Jain World
Sub-Categories of Passions

Jainism  -  Respect For All Life

The birth of Jainism
Mahavira the Path-Maker
The Enlightenment
The Rise of Jainism
  The Two Sects
  The Scriptures
  Rise and Fall
  Jain Beliefs-The Universe
  The Soul
  Karma and Rebirth
  The way of Salvation
  The Everyday Life of a Jain
  The Life of an Ascetic
  Ways of Worship
  Temples and Domestic Shrines
  Ninian Smart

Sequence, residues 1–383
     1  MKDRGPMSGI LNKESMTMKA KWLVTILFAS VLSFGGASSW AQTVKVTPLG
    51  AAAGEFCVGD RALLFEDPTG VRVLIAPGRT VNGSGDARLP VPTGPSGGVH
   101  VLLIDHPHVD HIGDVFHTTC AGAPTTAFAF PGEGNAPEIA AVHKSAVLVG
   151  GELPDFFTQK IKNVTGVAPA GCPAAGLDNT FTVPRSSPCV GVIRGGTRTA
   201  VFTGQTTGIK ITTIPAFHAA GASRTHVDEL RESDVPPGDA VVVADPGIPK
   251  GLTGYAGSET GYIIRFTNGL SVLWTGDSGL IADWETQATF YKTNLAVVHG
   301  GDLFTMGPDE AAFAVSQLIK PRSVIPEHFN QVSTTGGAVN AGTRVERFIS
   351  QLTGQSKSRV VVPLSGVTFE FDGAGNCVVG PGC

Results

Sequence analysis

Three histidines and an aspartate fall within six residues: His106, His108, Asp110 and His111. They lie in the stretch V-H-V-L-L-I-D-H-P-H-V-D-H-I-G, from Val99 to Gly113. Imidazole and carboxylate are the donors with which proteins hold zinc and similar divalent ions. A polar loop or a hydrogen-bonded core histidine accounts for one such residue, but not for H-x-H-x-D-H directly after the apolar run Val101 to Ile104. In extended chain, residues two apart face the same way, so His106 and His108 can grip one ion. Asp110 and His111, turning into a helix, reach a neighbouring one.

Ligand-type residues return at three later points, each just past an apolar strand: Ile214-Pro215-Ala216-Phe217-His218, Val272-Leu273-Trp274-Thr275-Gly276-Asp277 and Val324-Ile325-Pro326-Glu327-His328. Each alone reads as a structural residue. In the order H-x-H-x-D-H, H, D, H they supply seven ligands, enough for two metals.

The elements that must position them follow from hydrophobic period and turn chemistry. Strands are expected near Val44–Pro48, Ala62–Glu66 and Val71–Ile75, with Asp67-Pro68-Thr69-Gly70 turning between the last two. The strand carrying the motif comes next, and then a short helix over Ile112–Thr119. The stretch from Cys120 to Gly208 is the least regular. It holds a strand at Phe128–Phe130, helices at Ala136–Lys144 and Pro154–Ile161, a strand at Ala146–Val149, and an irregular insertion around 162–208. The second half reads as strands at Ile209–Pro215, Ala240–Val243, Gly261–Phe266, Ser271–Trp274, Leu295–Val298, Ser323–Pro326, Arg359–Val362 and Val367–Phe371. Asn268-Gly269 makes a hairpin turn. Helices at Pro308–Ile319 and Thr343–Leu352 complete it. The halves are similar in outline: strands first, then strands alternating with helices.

To injure living beings, even unwillingly, is to engender the most harmful of karmic effects.  To injure with deliberate intent has the gravest of consequences.  And since the whole universe throbs with life, this means in practice that a Jain�s diet and livelihood are severely restricted.  Even the Jain layman must be a strict vegetarian.  He may not be a farmer, for when ploughing the soil he might injure animals and plants, not to speak of the earth itself.  He may not ply certain crafts, for the metal on the blacksmith�s anvil and the wood on the carpenter�s bench suffer excruciating pain as they are worked.  Instead, he will follow the safe professions of trading and money-lending and most likely become a wealthy merchant or prosperous banker.